User:Mgethers/Research Proposal

From OpenWetWare
Jump to navigationJump to search

Research Proposal for Jerzy Szablowski and Matt Gethers

Project Overview

We would like to design a method of patterning inorganic materials on the phage coat by regulating populations of p8 that are available for incorporation into the coat.

Background Information

M13 is a filamentous bacteriophage of E.coli approximately 900 nm long and 6.5 nm thick. A complete M13 viral particle consists of a circular positive strand of ssDNA molecule and multiple copies of five types of proteins (Russel, 1991). The protein of our interest is a major coat protein, p8. It exists in approximately 2700 copies on the M13 particle making it a good target for display of useful peptides. Prior to incorporation into viral particle protein p8 has to be localized into the membrane and cut in the middle. Its C terminus localizes in the cytoplasm and the N terminus in the intermembrane space. After inserting into the membrane, p8 is attached to the DNA of M13 that spans the outer and inner membranes of E.Coli. During the attachment of the next subunits of p8, DNA is pushed outside of the cell and thus the following p8 proteins create 'bands' or 'rings' of protein p8 around the DNA. At the very end of the DNA strand, a different protein attaches thus 'capping' M13 and allowing for its dissociation from bacteria.

Problem Definition and goals

Various modifications has been made to M13, so it can be used as a means of presenting a compound with one of the various proteins with different binding affinities (reviewed in Sidhu, 2000). However attempts to incorporate two different p8 mutants in comparable abundances have failed. (Nam et al, 2006). Efficient incorporation of proteins with various binding specificities would allow for constructing an M13 phage that has multiple functionalities, which are applicable in various fields of science such as biomedical imaging. Such particles with multiple versions of p8 would be even more useful if it were possible to arbitrarily pattern p8 proteins on the bacteriophage coat. Then it would be possible to make devices which are smaller than an M13 particle.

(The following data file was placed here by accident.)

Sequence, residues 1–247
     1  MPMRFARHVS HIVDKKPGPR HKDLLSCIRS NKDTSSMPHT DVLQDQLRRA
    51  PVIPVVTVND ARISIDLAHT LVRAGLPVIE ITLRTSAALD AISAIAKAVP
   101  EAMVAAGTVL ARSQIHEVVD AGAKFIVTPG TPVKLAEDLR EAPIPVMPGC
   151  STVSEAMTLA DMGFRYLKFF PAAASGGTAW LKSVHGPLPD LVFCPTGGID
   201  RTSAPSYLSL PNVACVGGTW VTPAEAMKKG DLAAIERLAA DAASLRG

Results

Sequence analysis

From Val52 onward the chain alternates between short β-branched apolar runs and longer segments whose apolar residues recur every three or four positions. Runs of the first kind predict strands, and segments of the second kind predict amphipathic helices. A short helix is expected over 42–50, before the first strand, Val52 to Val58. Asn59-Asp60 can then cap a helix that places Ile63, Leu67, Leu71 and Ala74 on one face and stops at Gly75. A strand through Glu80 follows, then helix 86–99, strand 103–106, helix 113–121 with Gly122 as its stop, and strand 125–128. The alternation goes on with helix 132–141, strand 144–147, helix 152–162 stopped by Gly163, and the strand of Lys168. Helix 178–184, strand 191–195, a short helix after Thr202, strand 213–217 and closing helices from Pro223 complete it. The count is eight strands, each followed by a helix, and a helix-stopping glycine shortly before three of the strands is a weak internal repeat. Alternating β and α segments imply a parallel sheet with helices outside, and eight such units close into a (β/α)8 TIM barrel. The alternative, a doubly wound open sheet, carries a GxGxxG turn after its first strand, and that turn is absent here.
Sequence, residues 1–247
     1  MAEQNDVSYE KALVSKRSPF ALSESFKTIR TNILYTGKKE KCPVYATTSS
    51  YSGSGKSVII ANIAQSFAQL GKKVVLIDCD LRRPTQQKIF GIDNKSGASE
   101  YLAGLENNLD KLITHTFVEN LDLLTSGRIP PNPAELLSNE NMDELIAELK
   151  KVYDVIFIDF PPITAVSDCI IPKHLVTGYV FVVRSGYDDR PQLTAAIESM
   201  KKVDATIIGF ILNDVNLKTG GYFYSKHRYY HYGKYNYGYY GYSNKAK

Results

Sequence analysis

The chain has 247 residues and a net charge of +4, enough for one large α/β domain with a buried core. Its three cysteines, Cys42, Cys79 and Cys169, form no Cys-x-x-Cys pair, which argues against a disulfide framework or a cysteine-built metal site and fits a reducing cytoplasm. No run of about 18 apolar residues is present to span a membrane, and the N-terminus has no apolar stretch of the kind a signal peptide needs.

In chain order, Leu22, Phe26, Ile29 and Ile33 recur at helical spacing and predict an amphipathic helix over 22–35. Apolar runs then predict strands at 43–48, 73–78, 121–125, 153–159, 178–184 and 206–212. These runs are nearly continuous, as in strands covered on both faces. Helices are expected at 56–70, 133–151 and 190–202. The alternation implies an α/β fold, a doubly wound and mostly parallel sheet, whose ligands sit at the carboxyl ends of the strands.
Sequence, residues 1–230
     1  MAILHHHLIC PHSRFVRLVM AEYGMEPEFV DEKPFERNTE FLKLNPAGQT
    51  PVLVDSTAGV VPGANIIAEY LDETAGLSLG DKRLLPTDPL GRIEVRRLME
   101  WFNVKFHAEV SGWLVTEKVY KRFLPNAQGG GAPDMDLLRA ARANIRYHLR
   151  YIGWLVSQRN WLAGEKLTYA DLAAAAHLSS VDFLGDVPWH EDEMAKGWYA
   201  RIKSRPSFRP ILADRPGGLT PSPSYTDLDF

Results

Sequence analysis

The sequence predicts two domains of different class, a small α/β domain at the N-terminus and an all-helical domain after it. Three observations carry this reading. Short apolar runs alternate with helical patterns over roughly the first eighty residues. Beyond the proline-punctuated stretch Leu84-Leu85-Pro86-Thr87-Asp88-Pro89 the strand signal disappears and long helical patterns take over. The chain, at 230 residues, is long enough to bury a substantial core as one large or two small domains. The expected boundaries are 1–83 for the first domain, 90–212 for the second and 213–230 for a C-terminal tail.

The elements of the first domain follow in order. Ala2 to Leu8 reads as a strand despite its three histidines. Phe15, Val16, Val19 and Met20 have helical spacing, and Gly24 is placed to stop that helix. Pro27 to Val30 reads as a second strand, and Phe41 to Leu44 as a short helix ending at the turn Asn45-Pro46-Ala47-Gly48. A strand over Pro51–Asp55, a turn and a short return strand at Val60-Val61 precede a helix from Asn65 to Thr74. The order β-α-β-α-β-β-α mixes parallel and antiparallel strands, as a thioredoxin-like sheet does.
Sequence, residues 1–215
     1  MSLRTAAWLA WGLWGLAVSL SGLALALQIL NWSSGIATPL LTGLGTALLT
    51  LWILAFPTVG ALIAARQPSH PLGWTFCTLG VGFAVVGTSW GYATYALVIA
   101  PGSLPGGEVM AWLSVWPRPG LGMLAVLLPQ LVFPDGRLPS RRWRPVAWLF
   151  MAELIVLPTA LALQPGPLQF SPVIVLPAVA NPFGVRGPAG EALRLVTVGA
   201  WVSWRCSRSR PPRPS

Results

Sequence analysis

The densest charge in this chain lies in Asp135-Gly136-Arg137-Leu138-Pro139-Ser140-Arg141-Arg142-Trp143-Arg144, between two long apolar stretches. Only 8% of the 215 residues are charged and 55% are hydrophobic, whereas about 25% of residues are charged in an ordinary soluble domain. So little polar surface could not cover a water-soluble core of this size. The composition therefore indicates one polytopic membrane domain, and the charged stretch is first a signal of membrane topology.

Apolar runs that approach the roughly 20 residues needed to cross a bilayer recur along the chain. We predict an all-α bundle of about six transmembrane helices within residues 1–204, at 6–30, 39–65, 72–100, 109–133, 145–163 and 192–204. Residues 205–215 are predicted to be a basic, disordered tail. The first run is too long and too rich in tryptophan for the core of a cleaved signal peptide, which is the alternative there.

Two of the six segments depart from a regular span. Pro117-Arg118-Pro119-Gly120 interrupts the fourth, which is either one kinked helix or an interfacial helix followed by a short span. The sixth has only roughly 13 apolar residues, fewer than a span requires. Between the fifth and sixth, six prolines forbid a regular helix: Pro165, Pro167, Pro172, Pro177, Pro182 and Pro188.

Project Details and Methods

During incorporating into M13 coat, one of the mutant p8 proteins is usually strongly favored. To remedy this situation, we decided to control the populations of p8 just prior to insertion. A light-based activation mechanism will allow for simple and versatile control of various populations of p8 available for incorporation into M13.

We will construct two clones of protein p8. Each clone will have a modified sequence at the N terminus that allows the attachment of a photoactivable agent at the terminus. If bulky, such an agent enough could hinder incorporation of p8 into the coat. When the light is shined onto the agent, it would dissociate from the N terminus of p8 leaving it free to attach to DNA and incorporate into the coat. The use of two photoactivable agents that respond to different wavelengths of light would allow the selective incorporation of the p8 mutant proteins.

Predicted Outcomes

This method allows for a 'tricking' m13 coat assembly system by sligtly modifying the existing coat assembly system. This should allow for the incorporation of two populations into the same coat. However, the outcome might be different. The failure may come from the fact that increasing expression levels to incorporate two p8 proteins lowers the phage titer. Bacteriophages with two p8 populations could be inviable. Further research with directed evolution of interfaces of p8 should be done in the case this approach is unsucessful.

Needed Resources

- Artificial aminoacids from King Lab - Various photocrosslinkers and photoactivable agents to test whether they hinder binding to C terminus of p8. They should also be membrane permeable. - A phagemid with one population of p8 that gives a viable m13 and another distinguishable phagemid with p8' giving viable M13 phages.


Nam, KT, Kim, D-W, Yoo, PJ, Chiang, C-Y, Meethon, N, Hammond, PT, Chiang, Y-M & Belcher, AM. (2006) Science 312, 885–888.

Sidhu, S. S.; Weiss, G. A. and Wells, J. A. (2000) J. Mol. Biol., 290: 487-495.

Russel, M. Filamentous phage assembly. Mol. Microbiol. (1991), 5, 16071613